Perhaps her most lasting contribution will stem from her tireless efforts to establish The Canterbury Episcopal School in DeSoto. Envisioning a school that embraced the high academic standards of the Episcopal school tradition while celebrating the diversity of human experience and faith, she helped the school grow from a dozen students in a church basement in 1992 to today’s K–12 institution on a wooded campus. The school’s excellence is evident in its graduates, whose numbers now include a Rhodes Scholar, a Fulbright Scholar, and a McDermott Scholar. Gay served on the school’s Board of Trustees as its President and perpetual enthusiast.
Gay traced her family’s history in Texas to Stephen F. Austin’s Old Three Hundred. Her passion for the land of her youth drove her to explore ways to preserve her heritage. She dreamed of growing old as a “rancher woman,” and hungrily learned about ranch, pasture, forest, and wildlife management. She spent weekends walking in the woods with her husband, John, and exploring the flora and wildlife of the Trinity River bottom and East Texas. Her connection to the land was strong because of both her love of nature and her family’s deep history.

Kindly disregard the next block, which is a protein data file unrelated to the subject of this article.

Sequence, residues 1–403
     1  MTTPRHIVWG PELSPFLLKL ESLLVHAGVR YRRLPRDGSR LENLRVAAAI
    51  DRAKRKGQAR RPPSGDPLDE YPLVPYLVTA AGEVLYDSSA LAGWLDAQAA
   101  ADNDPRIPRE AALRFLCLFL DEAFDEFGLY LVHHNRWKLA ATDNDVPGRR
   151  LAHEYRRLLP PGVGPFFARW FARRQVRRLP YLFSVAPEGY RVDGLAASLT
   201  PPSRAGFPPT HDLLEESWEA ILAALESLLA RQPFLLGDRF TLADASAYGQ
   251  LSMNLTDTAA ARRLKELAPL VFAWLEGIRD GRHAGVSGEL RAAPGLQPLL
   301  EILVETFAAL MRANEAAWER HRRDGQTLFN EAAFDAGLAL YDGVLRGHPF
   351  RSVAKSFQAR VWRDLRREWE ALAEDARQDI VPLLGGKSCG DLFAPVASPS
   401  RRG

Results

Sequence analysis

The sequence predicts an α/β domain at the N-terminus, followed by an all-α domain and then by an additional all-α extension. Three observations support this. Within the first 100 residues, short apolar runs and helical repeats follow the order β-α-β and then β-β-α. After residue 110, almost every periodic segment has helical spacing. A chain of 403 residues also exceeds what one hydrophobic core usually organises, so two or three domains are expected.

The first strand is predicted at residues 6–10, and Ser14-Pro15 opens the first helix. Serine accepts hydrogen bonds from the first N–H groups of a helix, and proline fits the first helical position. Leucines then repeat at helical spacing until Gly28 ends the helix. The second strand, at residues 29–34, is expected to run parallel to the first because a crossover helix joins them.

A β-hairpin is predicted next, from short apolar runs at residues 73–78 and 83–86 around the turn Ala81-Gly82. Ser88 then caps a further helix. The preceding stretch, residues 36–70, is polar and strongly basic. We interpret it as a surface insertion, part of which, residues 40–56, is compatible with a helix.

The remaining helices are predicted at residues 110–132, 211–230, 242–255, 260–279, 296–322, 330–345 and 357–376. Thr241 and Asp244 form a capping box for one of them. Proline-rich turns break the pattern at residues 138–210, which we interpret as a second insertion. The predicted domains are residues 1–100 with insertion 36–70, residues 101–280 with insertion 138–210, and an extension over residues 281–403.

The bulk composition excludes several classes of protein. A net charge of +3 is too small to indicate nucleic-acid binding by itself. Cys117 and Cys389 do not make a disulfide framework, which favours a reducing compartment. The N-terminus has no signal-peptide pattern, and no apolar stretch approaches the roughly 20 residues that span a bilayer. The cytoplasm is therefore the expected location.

This love of family was Gay’s greatest joy. Her influence is apparent in her son, who manifests her peace-loving personality and followed her example into the law. Her hero was her father, William F. Gayle, from whom she took her love of the land and who preceded her in death.
Gay is survived by her husband of 40 years, John Cox; her son, Zac Cox; her mother, Betty Gayle; her sister, Mary Gayle Murray; her niece, Angelica Murray; her aunt, Wilma Wylie Wakefield; her mother-in-law, Louise Cox; her brother- and sister-in-law, Robert and Meredith Cox; her niece, Afton Cox; her sister-in-law, Melissa Cox Meglic; her niece, Jennifer Meglic; and many cousins.
Funeral services will be at 11 a.m. on Saturday, Jan. 26, 2013, at St. Philip’s Episcopal Church with the Rev. Ted Welty officiating. A reception will follow at St. Philip’s Episcopal Church Parish Hall. Burial will be at 3:15 p.m. at the Sweet Influences Family Cemetery located on Leon County Road 123 and Farm Road 811 in the community of Guy Store in Leon County.
Arrangements are under the direction of Herrington/Land of Memory Funeral Home.
In lieu of flowers, the family asks that friends honor Gay with donations to one of her favorite causes: The Canterbury Episcopal School in DeSoto (http://www.thecanterburyschool.org/); the Austin Street & Genesis Shelters of Dallas (http://www.shelterdallas.org/); St. Philip’s Episcopal Church (Palestine) (http://www.stphilipepiscopalchurch.org/); St. Luke’s Episcopal Church (Dallas) mission funds (http://www.stlukesdallas.org/adult-ministries/missions/); and the Red Cross (http://www.redcross.org/tx/dallas-fort-worth).
View online at www.herringtonfuneral.com.